Its unfounded assertions about competition and the role of OpenRAN.
Lack of objectivity and empirical support. Citing of interested parties as experts. The OpenRAN document published by NTIA offers very little empirical, or even academic policy, evidence for its assertions. Most of references cited, 55%, come from OpenRAN advocacy groups or companies with a financial interest in OpenRAN, for example self-described OpenRAN vendors. The main part of the document’s references are not technical studies but rather policy arguments.
Moreover, NTIA fails to disclose that its preferred sources are advocacy organizations. While there is nothing illegal about citing advocacy organizations, government agencies like NTIA are supposed to be above touting advocacy as fact, science, and official policy.
The O-RAN Alliance  develops technical specifications for 4G and 5G RAN internal functions and interface, not for 2G and 3G. The O-RAN Alliance is not a standards development organization (SDOs)  like ITU-R and ITU-T. The O-RAN Alliance does not satisfy the openness criteria laid down in Word Trade Organization Principles  for the Development of International Standards, Guides and Recommendations.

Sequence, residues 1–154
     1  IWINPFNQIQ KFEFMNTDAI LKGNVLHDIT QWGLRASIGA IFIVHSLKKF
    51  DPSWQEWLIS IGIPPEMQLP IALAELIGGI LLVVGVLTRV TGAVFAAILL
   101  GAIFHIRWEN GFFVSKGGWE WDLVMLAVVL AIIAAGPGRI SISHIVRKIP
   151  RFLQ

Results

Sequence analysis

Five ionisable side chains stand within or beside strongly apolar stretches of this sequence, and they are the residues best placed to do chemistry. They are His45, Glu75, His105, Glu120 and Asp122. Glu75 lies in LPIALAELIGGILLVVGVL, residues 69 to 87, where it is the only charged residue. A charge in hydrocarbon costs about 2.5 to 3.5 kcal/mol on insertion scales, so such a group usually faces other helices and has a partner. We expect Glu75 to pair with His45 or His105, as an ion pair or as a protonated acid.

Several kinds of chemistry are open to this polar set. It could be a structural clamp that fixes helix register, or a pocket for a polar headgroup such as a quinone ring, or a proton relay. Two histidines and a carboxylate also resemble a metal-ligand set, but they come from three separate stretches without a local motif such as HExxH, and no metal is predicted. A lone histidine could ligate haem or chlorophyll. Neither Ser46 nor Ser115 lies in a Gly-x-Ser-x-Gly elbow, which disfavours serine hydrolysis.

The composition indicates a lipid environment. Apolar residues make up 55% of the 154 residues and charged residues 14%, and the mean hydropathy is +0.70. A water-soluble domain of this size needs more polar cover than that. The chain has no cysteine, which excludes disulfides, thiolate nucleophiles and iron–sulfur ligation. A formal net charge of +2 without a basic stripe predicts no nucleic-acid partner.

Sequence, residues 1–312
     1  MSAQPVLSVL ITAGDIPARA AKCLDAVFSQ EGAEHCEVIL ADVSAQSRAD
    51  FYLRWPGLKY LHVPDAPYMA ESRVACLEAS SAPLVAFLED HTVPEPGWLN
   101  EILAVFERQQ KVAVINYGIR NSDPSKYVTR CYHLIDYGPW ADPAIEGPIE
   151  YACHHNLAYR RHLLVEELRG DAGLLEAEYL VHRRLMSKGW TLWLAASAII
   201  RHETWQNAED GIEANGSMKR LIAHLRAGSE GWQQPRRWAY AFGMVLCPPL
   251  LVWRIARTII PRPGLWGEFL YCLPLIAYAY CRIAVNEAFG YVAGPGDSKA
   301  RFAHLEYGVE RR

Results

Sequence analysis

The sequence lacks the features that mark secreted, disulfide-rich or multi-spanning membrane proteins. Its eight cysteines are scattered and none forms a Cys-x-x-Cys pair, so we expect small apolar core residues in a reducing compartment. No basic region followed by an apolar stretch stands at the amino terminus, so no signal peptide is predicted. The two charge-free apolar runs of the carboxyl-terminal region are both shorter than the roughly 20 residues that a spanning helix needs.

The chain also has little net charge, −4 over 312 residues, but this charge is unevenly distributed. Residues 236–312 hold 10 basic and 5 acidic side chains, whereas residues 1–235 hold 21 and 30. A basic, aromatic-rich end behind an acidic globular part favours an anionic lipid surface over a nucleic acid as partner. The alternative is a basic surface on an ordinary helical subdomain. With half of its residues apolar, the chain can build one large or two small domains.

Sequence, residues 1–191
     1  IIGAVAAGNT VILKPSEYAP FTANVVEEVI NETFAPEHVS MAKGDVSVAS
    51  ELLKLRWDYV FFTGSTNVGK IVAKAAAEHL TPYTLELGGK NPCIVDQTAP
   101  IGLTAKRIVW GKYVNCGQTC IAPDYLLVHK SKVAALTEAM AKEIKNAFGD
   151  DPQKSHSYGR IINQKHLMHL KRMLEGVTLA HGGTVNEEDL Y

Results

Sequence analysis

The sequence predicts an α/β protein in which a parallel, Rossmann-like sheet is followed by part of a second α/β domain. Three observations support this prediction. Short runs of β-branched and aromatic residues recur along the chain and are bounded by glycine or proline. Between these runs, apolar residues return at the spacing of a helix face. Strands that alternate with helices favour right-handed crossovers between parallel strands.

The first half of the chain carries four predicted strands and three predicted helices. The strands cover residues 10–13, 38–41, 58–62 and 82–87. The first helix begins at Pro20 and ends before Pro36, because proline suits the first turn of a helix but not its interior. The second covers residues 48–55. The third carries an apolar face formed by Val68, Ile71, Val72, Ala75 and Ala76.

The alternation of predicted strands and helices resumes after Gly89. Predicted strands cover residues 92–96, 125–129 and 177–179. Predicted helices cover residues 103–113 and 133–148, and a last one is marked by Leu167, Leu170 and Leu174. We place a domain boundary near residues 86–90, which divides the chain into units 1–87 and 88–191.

The O-RAN Alliance is a closed industrial collaboration developing technical RAN specification on top of 3GPP specifications and ITU-R standards for 4G and 5G.
While industrial cooperation is important, there can be no mobile networks without the basic work of organizations like ITU-R WP 5D, 3GPP (which is NOT a SDO) and its seven regional members (which are SDOs) .
OpenRAN concepts include: cloudification, automation and open RAN internal interfaces do follow some elements of 3GPP specifications.
It appears that NTIA is attempting to elevate the O-RAN Alliance, essentially a closed association, with established WTO compliant SDOs (e.g. ITU and IEEE) and global consortia like 3GPP. Such an elevation is false and deceptive, and NTIA should clarify why it promotes a closed association that doesn’t meet openness requirements in WTO.
NTIA could have balanced this shortcoming by referencing some the widely published critical reviews of OpenRAN. Unfortunately, it does not. For example, U.S. federal documents can create credibility by objectively stating competing views and discussing the merits, similar to the Congressional Research Service .
Because NTIA appears only to provide favorable views of OpenRAN from interested parties, its document is tainted with bias. It reads like a set of talking points from the OpenRAN Policy Coalition, the a front for the OpenRAN industry’s interests.